14, April 2014
Social Studies Project
Many people went to the Oregon Territory to get free farm land. Some went hoping to find better health or better living conditions. Some went to escape problems. Others went for adventure and to seek new experiences. The Oregon Trail migration, also known as the Oregon-California Trail migration, is one of the most important events in American History. The Oregon-California trail was a 2,170 mile route from Missouri to Oregon and California that enabled the migration of the early pioneers to the western United States. The first emigrants to make the trip were Marcus and Narcissa Whitman who made the trip in 1836. However, the first mass migration did not occur until 1843 when approximately 1,000 pioneers made the journey at one time. This trail was the only feasible land route for settlers to get to the West Coast. From 1843 until 1869 when the first transcontinental railroad was completed, there were over 500,000 people who made the trip in covered wagons pulled by mule and oxen. Some went all the way to Oregon to farm and others went to California to search for gold. The trip usually took 4-6 months by wagon traveling 15 miles a day. The only other route to the west, by sea, took a full year. In the early Spring, the pioneers would wait in Missouri and set up camp, waiting for the grass to grow along the Oregon Trail. While waiting, the emigrants would stock up on supplies, try to locate friends, and make other preparations for their journey. If they left too early, there would be no grass for their animals to eat which could be a fatal mistake. If they left too late, they would get caught by the winter snows. Most settlers traveled in farm wagons, four feet by ten feet, with a thousand pounds of food. These wagons had cotton covers treated with linseed oil to keep the rain out. Many were equipped with tool boxes, water containers, and spare axles as breaking an axle without a spare meant abandoning the wagon. When the time finally came to leave, the settlers would all try to leave at once creating a massive traffic jam further hindered by the inexperience of some of the green east coast teams. As their traveling progressed, most realized they had over packed and were forced to lighten their loads by throwing things overboard. Because of the heavy loads, many were forced to walk the 2,170 mile journey instead of ride in the wagon. There were many accidents along the way including being run over by the wagons which meant certain death. Another common accident was accidental gun shots from people fooling around with guns or from half-cocked pistols in the wagons. Another problem for the travelers was Cholera. Some wagon trains lost two-thirds of their people to this quick killing disease. People called watchers were forced to stay with the diseased people until they pasted but some even buried them alive to catch up with the others. One common misconception about the traveler’s journey is that the biggest danger was the Indians or Native Americans. Many movies show the pioneers circling their wagons each night to protect themselves from the threat of the Native Americans. In reality, the wagons were circled to provide a convenient corral for livestock. The Native Americans were actually friendly more often than not. Encounters most often involved simple trades and there were very few of the pioneers that actually died because of the Native Americans. The only real disagreement between them was the Gratten Massacre. A cow wandered from an emigrant wagon train and a nearby Sioux village found it and ate it. Twenty-eight men lead by Lt. Gratten set out to make the Sioux Indians pay for their mistake. When the troops got to the Sioux village, the Indians realized their mistake and offered a horse in return. Gratten ordered his men to fire on the tribe. The Indians were ordered by their chief not to fight back, but Gratten turned and shot the...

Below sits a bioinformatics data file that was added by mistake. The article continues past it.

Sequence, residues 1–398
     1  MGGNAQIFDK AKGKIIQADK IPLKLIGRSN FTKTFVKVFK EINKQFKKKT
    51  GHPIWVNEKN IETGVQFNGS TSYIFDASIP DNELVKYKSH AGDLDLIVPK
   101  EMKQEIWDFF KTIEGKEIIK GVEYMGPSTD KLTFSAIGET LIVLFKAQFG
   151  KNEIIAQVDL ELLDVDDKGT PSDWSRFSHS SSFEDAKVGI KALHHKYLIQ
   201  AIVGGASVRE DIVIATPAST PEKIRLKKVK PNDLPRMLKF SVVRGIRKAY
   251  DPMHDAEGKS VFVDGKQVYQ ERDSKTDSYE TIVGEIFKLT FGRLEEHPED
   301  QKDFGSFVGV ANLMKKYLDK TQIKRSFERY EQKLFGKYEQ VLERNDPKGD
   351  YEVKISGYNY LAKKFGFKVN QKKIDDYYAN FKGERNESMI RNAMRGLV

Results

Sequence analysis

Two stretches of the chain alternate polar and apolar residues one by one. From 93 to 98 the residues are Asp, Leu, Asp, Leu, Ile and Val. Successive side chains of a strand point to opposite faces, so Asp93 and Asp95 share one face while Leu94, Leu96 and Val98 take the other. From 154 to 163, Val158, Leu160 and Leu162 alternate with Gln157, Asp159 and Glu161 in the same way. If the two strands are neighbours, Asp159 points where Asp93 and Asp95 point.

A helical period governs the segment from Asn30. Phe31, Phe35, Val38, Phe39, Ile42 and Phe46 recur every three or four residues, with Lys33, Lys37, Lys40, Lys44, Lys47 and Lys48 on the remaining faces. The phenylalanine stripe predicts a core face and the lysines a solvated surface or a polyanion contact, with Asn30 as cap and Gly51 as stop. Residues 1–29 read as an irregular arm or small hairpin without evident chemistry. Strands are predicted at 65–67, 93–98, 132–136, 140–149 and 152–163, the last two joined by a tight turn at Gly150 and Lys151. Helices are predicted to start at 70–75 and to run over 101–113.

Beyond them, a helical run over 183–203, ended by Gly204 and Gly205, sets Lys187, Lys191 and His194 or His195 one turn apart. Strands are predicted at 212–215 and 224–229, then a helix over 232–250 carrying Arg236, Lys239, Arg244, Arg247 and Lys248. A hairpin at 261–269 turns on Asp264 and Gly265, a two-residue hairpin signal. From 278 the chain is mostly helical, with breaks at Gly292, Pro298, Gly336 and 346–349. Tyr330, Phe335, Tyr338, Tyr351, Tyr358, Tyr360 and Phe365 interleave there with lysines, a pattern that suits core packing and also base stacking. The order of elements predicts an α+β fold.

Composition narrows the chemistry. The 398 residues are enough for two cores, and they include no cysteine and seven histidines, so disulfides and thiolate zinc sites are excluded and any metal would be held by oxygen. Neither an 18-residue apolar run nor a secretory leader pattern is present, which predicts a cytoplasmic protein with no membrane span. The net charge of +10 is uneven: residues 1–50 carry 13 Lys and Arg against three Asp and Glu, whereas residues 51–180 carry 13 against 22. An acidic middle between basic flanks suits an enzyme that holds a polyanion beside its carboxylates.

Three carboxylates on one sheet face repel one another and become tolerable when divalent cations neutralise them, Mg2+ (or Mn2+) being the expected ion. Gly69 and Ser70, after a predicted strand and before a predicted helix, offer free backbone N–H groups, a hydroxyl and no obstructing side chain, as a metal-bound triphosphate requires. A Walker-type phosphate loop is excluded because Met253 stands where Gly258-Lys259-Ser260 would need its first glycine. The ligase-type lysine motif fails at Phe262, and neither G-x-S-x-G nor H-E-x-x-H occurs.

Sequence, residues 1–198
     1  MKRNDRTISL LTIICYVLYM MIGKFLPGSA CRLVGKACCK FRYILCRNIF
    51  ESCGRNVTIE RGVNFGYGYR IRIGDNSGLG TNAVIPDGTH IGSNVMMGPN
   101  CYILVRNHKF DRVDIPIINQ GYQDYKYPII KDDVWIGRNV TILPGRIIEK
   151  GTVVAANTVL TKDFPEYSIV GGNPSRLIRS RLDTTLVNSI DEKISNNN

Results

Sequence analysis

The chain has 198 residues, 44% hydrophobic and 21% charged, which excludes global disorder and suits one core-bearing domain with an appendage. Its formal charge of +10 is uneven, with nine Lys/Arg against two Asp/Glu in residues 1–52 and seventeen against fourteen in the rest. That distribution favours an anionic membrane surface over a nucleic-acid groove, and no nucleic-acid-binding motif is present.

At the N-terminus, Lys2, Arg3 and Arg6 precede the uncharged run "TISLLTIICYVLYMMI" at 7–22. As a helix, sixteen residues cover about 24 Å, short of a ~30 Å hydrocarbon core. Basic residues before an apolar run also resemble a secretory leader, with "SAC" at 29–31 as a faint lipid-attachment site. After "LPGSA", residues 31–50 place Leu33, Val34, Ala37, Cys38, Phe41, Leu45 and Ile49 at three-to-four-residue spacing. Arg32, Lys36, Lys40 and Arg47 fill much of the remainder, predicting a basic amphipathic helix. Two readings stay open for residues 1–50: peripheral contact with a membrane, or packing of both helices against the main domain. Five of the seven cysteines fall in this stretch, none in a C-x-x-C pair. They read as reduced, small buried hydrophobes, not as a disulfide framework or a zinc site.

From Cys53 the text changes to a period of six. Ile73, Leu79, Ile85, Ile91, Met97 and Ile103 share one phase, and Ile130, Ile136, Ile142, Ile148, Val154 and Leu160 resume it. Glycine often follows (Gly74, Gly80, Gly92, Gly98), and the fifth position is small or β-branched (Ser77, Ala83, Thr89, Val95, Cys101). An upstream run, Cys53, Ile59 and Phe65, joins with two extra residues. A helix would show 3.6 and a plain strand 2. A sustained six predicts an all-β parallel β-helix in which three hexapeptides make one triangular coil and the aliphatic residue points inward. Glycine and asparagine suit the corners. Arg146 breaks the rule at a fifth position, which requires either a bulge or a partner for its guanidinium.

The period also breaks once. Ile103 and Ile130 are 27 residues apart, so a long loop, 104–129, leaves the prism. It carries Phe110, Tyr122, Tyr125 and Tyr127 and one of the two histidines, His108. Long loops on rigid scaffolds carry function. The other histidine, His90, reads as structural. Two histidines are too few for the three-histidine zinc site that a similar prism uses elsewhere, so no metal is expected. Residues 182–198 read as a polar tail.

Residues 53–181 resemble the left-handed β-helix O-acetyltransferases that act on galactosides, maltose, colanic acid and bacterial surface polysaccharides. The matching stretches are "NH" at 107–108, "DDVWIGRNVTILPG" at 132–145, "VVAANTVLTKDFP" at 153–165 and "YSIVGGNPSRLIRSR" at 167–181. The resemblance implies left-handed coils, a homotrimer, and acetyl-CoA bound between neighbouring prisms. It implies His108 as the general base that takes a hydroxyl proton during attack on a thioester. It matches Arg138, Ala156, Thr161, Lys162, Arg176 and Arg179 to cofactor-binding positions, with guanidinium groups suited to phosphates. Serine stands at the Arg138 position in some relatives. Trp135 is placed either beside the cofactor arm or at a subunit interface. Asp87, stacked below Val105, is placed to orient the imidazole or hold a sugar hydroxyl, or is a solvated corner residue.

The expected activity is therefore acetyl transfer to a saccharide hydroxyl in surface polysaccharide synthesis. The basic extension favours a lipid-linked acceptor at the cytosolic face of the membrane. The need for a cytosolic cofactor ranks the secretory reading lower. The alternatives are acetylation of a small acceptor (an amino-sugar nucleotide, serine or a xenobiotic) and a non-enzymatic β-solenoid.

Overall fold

Bibliography: Oregon trail: http://www.historyglobe.com/ot/otmap1.htm
Texas Independence: http://www.txindependence.org/washington_game.php
Louisiana Territory: http://www.archives.gov/publications/prologue/2003/spring/louisiana-purchase.html
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